A backlash against efforts in California and Congress to rein in greenhouse gas emissions is brewing in hard economic times.

A coalition of businesses — including two Bay Area oil refiners — and an anti-tax group has begun a signature drive for a November ballot initiative that would suspend California's pioneering law to combat global warming until the jobless rate drops back to 2006 levels.

Supporters of California's law, including Gov. Arnold Schwarzenegger, say the initiative would cripple the state's emerging clean energy industry.

Backers of the initiative say it's the wrong time to carry out a law that will raise energy and fuel costs, crimping efforts to recover from the recession.

"This is going to have a hit on the California economy. Let's not do this at a time when the economy can least afford it," said Bill Day, director of media relations for the Valero Energy Co., operator of oil refineries in Benicia in Solano County and Wilmington in Los Angeles County. "To me, that's common sense."

Similar arguments about the economy have reverberated in Congress, where a climate action bill passed by the House in June has stalled in the Senate. Democrats in the Senate from coal states are calling for delays.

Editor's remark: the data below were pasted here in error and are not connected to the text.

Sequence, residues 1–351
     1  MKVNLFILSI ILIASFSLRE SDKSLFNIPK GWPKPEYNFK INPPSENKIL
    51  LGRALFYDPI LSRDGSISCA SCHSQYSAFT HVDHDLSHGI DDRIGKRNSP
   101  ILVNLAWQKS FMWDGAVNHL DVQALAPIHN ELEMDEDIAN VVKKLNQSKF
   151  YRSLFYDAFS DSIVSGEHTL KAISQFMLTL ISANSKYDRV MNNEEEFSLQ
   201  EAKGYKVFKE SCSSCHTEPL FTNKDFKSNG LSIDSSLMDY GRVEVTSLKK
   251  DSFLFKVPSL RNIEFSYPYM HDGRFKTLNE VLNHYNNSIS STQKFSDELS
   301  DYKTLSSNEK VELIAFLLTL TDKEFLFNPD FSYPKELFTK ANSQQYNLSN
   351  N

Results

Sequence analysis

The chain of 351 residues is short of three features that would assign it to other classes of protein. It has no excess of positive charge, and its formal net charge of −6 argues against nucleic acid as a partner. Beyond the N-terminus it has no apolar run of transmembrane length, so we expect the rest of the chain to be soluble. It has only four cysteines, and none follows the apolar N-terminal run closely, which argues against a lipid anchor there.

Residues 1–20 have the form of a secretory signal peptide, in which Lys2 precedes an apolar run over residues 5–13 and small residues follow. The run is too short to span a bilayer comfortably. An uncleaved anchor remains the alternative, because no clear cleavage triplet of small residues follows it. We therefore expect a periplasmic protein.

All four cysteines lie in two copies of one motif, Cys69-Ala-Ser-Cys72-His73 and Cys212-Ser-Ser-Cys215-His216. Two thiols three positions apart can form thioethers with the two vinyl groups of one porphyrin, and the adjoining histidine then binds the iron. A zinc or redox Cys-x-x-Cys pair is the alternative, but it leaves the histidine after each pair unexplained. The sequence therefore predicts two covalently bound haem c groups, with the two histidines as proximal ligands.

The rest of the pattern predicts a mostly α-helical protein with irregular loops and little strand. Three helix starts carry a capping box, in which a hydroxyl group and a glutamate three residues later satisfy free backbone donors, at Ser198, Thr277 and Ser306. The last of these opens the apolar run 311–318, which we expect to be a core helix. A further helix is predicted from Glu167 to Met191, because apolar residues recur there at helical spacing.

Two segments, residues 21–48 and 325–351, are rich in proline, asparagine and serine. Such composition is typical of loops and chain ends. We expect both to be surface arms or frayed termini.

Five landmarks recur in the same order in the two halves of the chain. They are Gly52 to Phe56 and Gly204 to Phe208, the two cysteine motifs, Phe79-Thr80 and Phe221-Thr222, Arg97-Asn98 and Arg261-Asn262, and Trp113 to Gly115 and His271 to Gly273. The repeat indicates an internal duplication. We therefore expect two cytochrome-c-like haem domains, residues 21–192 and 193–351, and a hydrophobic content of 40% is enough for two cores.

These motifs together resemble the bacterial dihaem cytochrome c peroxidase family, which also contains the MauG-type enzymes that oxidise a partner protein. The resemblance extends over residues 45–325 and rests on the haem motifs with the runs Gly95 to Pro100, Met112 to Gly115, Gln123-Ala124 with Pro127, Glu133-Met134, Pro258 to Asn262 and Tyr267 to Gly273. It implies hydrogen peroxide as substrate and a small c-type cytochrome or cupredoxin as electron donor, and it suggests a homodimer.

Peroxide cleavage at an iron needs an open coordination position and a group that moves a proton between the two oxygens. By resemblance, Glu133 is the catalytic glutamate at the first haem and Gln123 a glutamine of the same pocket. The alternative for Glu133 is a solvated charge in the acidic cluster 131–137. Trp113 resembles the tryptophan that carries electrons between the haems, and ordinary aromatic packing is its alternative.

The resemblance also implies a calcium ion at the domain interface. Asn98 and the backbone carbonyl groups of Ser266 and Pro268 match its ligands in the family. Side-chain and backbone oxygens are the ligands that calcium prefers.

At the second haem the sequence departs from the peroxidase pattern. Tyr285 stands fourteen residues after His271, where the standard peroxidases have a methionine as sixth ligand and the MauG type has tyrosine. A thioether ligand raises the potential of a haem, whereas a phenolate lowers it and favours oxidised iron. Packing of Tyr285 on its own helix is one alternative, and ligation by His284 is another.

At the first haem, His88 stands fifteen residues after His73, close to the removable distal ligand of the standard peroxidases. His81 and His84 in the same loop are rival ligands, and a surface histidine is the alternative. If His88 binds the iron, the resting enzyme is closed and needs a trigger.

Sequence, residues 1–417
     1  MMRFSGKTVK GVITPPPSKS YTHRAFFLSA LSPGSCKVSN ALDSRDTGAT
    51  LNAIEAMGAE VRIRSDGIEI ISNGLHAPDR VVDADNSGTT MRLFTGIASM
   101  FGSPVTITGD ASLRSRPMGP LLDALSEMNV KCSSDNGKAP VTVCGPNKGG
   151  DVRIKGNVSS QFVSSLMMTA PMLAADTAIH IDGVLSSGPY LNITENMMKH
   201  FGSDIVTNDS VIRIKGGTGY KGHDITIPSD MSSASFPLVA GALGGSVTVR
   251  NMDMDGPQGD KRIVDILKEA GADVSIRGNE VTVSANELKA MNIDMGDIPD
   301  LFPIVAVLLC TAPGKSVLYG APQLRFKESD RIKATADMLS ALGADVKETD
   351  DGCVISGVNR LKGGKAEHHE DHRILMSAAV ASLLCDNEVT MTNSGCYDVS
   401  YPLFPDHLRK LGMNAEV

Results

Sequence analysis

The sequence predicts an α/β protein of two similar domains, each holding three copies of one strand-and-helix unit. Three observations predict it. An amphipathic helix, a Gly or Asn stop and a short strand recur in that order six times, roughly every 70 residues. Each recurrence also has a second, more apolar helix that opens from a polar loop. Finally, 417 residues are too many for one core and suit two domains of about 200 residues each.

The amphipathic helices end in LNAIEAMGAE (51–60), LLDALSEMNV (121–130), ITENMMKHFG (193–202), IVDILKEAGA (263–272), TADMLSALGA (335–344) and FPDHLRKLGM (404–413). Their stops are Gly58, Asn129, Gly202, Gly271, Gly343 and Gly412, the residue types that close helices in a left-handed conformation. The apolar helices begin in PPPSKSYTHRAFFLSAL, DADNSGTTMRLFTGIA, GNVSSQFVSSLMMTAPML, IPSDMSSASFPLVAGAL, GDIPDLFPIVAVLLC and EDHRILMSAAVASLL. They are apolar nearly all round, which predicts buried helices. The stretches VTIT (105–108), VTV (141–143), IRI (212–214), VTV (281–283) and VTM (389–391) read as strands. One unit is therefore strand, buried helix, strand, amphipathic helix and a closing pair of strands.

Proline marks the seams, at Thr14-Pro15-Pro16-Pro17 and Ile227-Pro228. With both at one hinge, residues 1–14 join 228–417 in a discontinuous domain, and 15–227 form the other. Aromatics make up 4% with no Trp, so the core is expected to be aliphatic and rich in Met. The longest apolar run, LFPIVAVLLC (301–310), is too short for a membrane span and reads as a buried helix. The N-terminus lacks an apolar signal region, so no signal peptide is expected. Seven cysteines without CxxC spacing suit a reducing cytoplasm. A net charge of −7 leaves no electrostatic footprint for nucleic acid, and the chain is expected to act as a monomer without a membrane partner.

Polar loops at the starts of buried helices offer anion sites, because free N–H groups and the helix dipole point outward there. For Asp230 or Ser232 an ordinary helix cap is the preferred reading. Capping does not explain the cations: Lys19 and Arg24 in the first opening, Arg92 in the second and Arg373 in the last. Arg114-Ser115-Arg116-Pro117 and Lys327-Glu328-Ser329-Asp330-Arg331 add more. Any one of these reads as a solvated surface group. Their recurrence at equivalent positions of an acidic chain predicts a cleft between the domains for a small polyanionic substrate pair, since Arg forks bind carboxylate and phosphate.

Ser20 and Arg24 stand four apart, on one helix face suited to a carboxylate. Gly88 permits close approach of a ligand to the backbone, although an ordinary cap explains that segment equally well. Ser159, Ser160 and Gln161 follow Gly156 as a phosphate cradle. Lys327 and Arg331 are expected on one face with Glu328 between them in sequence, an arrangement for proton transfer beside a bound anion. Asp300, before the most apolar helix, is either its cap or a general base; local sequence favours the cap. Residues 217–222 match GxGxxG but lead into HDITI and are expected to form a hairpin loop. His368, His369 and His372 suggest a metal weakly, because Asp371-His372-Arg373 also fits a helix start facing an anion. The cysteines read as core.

In California, the role of Texas oil companies in the initiative is another element in the debate over the plan to suspend the state's 2006 greenhouse gas law until the state's unemployment rate reaches 5.5 percent or less for four consecutive quarters. The rate now exceeds 12 percent.


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The state law, Assembly Bill 32, requires California greenhouse gas levels to be rolled back to 1990 levels by 2020.

Day confirmed this week that Valero, the San Antonio-based oil company, is contributing $500,000 to the campaign for the proposed ballot measure called the California Jobs Initiative.

Another Texas-based oil company — Tesoro, which operates a refinery north of Concord — has been identified in several media reports as a key backer of the initiative. Tesoro officials at the Contra Costa refinery declined to comment, and officials at corporate headquarters did not return messages.